2. Is it a wise move to use Tilikum's genetic material to create new babies, given his track record of aggression towards his human handlers? Does not that tantamount to taking unnecessary risks of having such incidents recur?

Killer Whale Orca in captivity

3. Was it ethical in the first place to take away baby orcas from their families to live their entire lives in captivity? Even now, baby orcas are taken away from their mothers, to be transported to other branches of SeaWorld. The decisions are made based on monetary considerations, without any regard for the emotional well being of the whales themselves.

4. Further, does it make any sense to let children watch other equally (if not more) intelligent living beings behave in an unnatural way. For example, killer whales are trained to “wave” to the audience using their fin. This is something that the whales never do in the wild. Is that way we want the young children to take away from such shows?

Unfortunately, Tilikum and other orcas are still held captive. Let us hope that this movie will help create the necessary public awareness and consensus to have these killer whales released to the wild.

Gabriela Cowperthwaite Blackfish director with cameraman Jonathan Ingalls Chris Towey

Gabriela Cowperthwaite and her crew have delivered a one of a kind experience that will change your perception of Orcas/Killer Whales and marine theme parks forever.

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Image Sources: CNN Films, Cable News Network (CNN), Magnolia Pictures, Manny O Productions

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  1. I watched this documentary on Netflix with my husband last night.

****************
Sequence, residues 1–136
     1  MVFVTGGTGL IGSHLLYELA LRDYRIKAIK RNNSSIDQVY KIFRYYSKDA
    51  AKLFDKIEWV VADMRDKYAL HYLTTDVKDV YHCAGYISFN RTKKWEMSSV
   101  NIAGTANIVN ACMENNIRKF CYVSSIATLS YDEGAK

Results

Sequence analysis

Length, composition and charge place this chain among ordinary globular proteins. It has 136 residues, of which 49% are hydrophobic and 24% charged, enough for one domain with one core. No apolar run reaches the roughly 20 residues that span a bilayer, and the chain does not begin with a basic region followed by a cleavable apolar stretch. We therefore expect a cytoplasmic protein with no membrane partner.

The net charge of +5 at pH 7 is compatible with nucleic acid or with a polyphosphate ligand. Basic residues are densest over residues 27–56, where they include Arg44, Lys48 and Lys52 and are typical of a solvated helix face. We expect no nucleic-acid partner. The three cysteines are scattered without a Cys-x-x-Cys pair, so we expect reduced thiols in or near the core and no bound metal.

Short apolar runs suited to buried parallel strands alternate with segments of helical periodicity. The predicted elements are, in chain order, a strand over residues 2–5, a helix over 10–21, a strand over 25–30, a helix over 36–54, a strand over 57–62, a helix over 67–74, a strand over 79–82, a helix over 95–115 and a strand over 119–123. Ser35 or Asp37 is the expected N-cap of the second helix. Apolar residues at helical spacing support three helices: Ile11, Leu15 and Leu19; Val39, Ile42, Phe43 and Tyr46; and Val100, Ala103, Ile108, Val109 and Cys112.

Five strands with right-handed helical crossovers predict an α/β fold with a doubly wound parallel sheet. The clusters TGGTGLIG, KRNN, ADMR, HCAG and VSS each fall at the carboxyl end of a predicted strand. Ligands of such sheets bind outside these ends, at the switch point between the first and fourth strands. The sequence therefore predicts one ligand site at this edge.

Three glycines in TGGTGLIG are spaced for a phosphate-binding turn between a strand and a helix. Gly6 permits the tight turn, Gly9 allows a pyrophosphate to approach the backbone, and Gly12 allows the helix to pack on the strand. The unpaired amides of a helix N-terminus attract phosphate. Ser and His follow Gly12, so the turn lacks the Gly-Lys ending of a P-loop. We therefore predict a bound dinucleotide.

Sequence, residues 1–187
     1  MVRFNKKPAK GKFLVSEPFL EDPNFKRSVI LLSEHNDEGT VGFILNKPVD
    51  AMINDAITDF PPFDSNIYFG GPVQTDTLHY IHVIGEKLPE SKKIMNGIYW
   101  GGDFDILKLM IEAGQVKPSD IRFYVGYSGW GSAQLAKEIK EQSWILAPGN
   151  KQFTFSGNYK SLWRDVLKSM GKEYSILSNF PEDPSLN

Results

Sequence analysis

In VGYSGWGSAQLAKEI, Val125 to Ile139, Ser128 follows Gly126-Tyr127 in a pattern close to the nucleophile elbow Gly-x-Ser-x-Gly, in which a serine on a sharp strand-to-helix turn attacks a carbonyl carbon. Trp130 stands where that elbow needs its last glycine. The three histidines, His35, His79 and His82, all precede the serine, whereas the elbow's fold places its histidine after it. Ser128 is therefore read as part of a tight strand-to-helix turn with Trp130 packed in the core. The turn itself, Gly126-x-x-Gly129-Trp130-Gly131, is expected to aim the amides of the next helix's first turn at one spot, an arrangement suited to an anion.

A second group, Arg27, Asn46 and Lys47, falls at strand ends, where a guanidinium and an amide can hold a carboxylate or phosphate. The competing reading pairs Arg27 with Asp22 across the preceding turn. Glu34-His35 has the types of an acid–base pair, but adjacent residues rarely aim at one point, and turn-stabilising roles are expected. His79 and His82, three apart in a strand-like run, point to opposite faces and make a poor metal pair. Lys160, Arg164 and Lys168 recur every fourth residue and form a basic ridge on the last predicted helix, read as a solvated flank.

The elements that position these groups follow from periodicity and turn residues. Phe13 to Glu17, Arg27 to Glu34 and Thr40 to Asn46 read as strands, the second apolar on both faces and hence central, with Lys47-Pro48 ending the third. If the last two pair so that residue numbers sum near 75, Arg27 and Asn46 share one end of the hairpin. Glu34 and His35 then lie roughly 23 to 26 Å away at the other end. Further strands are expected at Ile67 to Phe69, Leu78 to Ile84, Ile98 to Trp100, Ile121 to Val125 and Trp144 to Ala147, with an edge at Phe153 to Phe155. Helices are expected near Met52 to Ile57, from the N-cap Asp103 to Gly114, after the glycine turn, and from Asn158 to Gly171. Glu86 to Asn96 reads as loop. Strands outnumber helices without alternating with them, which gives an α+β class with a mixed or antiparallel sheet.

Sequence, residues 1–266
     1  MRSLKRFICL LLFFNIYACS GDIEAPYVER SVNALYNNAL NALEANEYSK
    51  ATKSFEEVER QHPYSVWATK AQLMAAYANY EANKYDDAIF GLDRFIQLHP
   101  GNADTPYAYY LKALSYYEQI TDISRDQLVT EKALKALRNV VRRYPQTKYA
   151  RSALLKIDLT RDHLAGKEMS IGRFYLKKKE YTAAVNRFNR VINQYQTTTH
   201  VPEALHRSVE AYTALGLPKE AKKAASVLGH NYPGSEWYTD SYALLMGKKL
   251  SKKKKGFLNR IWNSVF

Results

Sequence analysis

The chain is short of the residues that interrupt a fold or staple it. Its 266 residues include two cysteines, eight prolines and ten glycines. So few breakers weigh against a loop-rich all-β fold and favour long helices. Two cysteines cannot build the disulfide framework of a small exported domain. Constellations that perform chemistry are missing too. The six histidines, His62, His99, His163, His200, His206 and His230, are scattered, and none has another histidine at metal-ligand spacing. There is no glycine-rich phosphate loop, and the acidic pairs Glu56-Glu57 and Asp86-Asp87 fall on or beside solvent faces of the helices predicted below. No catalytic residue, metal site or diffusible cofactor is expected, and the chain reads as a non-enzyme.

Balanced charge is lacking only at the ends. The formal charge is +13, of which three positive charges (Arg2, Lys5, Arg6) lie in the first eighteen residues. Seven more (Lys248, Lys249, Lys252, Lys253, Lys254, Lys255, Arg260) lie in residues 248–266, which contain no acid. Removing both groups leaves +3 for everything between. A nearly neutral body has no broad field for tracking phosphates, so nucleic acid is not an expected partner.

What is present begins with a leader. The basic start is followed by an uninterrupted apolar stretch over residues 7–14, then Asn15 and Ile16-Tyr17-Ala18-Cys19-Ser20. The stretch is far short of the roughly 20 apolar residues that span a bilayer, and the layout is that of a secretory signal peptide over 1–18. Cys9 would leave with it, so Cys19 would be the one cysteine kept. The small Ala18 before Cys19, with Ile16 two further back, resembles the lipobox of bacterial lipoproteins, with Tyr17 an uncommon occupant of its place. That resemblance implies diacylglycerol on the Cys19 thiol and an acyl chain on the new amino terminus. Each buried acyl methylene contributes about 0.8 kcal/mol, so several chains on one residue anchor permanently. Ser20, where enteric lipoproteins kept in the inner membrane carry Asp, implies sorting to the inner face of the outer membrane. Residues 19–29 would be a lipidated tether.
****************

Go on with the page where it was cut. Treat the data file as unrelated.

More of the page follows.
Let me state that I am not an animal welfare activist or environmentalist. I have no qualms about eating meat of any kind. I am not the sort to get myself in a twitter over most animal rights issues.

    What I saw in Blackfish was inhumanity. I find it hard to believe that anyone would see it differently.

    I have seen killer whales in the wild, as I sail on the coast of Newfoundland, and the thing that strikes me the most about them, as compared to other whales, is their speed. They swam in a minute the distance we'd go by sail in an hour. The idea of putting a killer whale in a tank can only be like putting them in a jail cell.

    I was floored when I realized that they were not only taking babies from mothers in the wild, but even in captivity. After all else has been stripped of a female whale, to impregnate her, let her love and care for her calf, only to have that one pleasure in her life taken away... what cruelty to these intelligent and family oriented beings. It made me think of men stealing Africans for the slave trade.

    Thank you for blogging about this topic- let's keep talking about this, and making this hideous practice come to an end.

    Anyone out there interested in whales: instead of going to Seaworld to see whales, go see them in the wild. You won't be disappointed, and you won't be guilty of supporting cruelty to anyone.

    1. You are welcome, Janet and thanks for sharing your thoughts.

      I am also passionate about stopping the unnecessary killing of healthy and adoptable animals in animal shelters as well as the nonsensical Breed Specific Legislation (BSL).